At 66, Walker has not only chilled out, but he has conservatized.
"Obama and the government are fibbing to us all of the time," said Walker. "There are no jobs, things are not good."
On the Road
Jimmie Walker is a fiercely American success story, and the schedule and timing of comedy still invigorates him.
"The success of a comic is related to how successful he can deal with the audience," said Walker. "You have to know what the people are thinking. I'm a populist. If they are not laughing, I know that it's not good -- the material. Comedy has changed to a niche audience, and that's an industry move. For some people, though, the Stephen Colbert niche doesn't work at all.
"I've been a comic for 45 plus years. It's my gig. I'm not going to go work at a car factory one day making pistons. I'm not one of these guys who says, 'I can't wait to retire.' No way. They will have to kick me out -- and they will."
Walker said that there is no such thing as a happy comic, for the comic feeds on his own insecurity and self-doubt.
"The reality is that every comic has a complaint," said Walker. "There is no such thing as a happy comic. From Jay Leno to the guy at the open mic, that is the very nature of comedy. There is no such thing as a happy comic.
"If you receive a standing ovation, you are conditioned to find that one person who didn't like anything you did, and you remember them. But the person who is laughing and rolling on the ground in laughter, you just step over them."
On Jay Leno: "Tremendous Injustice to the Comedy Community"
His breakthrough came in 1973, with his first national TV appearance, on ABC's Jack Paar Tonight. He has been critical of Jay Leno for not lending other comics a helping spotlight.
"The venues are drying up, and I put this on Leno," said Walker.
Years ago, you could go on Johnny Carson, you could be a star and celebrity. When Leno took over, there were no comics. That changed the face of comedy. There are probably 15 comics right now who can sell tickets, and people are shocked that others can't sell tickets, like Leno. You've got 5,000 doing it, and about 15 that can sell. Leno is talented, but he has done a tremendous injustice to the comedy community. No one comic broke out from that show he did.
"It's a tougher business now. People are going back to college and getting other credentials. There are 43-year-old comics living with mom and dad."
Walker doesn't shy away from politics and his feelings that Barack Obama "is not the right man for the job" and that he is "not into the gay thing."
"I think we need to have a more civil conversation about gay marriage," said Walker.
Gay marriage is coming in, and I am not for it, I don't believe in it. I do accept it. It's just not what I believe in. It doesn't affect me, I just don't like it. Probably 100 years from now it will be very much a part of the landscape, and they will say, 'Who is that asshole who was against it?' That was me. Nowadays, you have to embrace it and say, 'I'm with you.' Obama surrendered to it and surrendered his views. It was too tough for him to make that transition -- he had to, because the gay community is such a loud constituency.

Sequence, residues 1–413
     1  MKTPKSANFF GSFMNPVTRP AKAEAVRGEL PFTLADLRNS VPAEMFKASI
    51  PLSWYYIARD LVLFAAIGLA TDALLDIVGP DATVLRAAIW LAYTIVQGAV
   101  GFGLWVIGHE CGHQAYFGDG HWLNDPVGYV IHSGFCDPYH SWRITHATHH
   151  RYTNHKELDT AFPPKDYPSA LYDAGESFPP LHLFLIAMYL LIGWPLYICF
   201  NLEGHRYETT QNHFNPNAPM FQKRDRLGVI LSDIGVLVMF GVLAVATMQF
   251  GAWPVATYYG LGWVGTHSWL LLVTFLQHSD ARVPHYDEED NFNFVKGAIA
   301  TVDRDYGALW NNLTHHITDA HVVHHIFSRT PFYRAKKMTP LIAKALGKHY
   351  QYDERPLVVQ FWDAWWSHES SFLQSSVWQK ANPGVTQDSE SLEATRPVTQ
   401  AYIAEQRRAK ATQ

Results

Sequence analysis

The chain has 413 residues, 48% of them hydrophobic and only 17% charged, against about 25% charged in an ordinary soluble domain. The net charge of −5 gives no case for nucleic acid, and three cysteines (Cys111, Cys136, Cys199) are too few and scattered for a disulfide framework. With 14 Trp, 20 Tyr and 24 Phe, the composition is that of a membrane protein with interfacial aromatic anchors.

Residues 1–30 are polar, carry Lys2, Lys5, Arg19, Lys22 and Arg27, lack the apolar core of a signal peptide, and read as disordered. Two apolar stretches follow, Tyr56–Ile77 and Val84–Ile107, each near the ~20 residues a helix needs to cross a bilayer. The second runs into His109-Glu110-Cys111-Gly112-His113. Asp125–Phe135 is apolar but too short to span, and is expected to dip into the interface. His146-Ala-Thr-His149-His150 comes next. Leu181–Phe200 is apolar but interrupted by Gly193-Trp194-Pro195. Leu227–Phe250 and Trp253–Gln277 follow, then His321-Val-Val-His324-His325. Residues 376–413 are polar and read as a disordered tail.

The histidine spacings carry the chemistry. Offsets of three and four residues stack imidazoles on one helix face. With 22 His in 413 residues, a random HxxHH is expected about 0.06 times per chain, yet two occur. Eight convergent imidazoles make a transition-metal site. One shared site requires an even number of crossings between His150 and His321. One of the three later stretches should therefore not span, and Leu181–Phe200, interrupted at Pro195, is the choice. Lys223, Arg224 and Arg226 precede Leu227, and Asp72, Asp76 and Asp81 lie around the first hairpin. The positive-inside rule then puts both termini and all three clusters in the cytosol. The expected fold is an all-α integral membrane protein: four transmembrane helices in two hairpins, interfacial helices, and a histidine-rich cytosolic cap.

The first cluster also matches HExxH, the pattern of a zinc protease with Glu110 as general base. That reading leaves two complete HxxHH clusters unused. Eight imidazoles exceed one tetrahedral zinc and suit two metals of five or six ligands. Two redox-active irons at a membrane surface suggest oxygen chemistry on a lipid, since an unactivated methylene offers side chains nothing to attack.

He calls himself an outcast among black people for harboring such conservative beliefs as supporting the death penalty and believing affirmative action has outlived its utility. At one period he was the Black Panthers' comedian of preference before some in the movement labeled him as a symbol for racial stereotypes on Good Times.
"The purest guy was Stokely Carmichael," said Walker. "He was legitimate. He believed in the Pan-African movement. He was a bright guy, really sharp. His brashness made him not palatable to the commercial world."
Walker: "My Time Was Very Powerful"
Walker is on the road doing his standup routine about 45 weeks out of the year. He's also promoting his book, DYN-O-MITE!: Good Times, Bad Times, Our Times -- A Memoir.
No matter what Walker says or does from here on, there will always be those situations when he will need to correct people when they call him "J.J." and not Jimmie. He doesn't get tired of "dyn-o-mite!" -- and he doesn't view it as a pejorative, or as an insult, or anything off-putting.
"When people remember something that you did," said Walker, "that's a good thing."
Walker can be seen discussing the process of transitioning from stand-up to sitcom in the latest episode of Pioneers Of Television, premiering this week on PBS.
"When I die, the show, and the character, they will still be spoken about. My time was very powerful, and I guess it left a dramatic influence."
Photos Courtesy of Jimmie Walker.
Brian D'Ambrosio lives in Montana. His next book, 'Warriors in the Trenches,' detailing the lives and careers of 30 legendary boxers, entertainment wrestlers, football players, musicians and actors, will be available in the fall.